Since succulent is an umbrella term encompassing a wide variety of different species, there isn’t an exact number or schedule on which you should base watering. On average, indoor succulents will require watering every 10 days to keep alive.

Room Temperature

Succulents prefer dry and warm temperatures. There are a few exceptions that can withstand harsh and cold winter conditions, but those species are outdoor succulents.

For indoor succulents, it’s important to keep the room you store them in warm but not too warm. Also, keep the air dry and not humid to prevent the leaves from rotting. Make sure the succulents indoors receive enough sunlight to compensate for the temperatures being cooler in winter.



Most succulents are fine as is, without fertilizers, but they can be a helpful complement in certain instances. Fertilizing succulents requires a hefty amount of knowledge and experience, so we suggest that if you are a beginner, you skip fertilizing.

You need to know how much fertilizer to use, when to apply it, how frequently, and whether homemade or store-bought fertilizer is better for your specific plant. Succulents are slow-growing plants in general, so adding fertilizer isn’t going to make a world of a difference, especially if you keep their soil dry. The main point is not to overfeed while successfully growing succulents.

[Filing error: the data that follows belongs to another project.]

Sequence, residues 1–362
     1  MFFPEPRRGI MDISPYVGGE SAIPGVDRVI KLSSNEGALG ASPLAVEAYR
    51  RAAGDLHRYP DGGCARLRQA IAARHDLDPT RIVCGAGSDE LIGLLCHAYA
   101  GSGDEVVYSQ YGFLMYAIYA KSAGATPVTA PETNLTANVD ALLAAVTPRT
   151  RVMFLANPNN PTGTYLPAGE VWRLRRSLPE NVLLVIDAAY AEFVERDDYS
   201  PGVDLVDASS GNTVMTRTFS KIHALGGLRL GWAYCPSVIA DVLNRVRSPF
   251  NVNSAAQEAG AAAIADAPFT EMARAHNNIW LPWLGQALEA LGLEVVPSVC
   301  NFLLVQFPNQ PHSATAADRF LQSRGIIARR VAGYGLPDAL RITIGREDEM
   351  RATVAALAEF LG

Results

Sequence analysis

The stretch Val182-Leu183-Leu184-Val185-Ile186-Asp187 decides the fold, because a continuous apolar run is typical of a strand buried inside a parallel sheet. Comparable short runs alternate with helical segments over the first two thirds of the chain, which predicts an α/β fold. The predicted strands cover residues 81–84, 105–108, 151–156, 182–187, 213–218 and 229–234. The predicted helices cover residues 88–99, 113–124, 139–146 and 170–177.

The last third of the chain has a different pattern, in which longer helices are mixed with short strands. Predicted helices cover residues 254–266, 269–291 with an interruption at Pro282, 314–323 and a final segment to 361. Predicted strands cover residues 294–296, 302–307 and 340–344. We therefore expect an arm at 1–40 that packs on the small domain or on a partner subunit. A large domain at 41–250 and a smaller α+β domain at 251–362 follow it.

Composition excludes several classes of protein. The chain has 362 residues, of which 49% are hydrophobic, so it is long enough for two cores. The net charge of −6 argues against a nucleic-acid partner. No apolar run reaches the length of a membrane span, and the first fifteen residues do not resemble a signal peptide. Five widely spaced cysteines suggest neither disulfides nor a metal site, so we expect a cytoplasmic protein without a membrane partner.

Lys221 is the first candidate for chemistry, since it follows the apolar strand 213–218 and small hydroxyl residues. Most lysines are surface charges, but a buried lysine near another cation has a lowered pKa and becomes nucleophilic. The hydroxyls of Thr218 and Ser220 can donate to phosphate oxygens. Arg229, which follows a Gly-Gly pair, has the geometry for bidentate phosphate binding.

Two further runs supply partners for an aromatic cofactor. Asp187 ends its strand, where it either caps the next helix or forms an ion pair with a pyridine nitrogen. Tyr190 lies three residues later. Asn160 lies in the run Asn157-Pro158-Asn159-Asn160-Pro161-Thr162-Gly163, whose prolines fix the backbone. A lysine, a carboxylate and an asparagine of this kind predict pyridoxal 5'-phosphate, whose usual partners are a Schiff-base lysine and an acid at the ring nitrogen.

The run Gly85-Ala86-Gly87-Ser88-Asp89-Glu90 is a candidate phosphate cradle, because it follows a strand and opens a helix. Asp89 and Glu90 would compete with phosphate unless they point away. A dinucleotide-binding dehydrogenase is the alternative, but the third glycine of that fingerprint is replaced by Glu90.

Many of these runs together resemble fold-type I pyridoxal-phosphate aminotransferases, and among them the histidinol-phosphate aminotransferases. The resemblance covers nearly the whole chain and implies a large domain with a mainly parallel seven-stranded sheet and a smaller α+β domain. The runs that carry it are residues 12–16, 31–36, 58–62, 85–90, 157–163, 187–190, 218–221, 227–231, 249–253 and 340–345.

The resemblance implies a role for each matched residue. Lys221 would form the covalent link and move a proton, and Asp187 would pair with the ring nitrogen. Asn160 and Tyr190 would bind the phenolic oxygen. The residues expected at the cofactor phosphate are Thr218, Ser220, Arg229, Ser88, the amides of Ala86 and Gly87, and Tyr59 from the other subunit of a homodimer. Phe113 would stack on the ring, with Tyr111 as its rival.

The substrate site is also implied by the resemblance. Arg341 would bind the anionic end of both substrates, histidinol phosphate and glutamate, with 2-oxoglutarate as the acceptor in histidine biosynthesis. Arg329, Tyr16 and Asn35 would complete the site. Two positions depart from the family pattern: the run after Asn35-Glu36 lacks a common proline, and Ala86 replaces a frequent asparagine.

If you get one succulent, the good news is: you can replicate that succulent as many times as you want by propagating and growing succulents on your own. The only thing you need is a cutting from the succulent. There are two ways that you can propagate and keep succulents alive – with soil and with water.

To propagate with soil, you need a pot full of soil and a cutting from the succulent, which has grown a callus on the part it was cut from. Just place the cutting in the soil and water it. With time and patience, you’ll receive a brand-new succulent.

To do this with water, you will need the cutting that has a callus and a container with water. Place the callused part in the water and leave the rest of the cutting above without getting it wet. If you have trouble doing this, put saran wrap over the top of your water container and make a hole for the cutting. Once it has grown healthy roots, the succulent is ready to be potted in soil.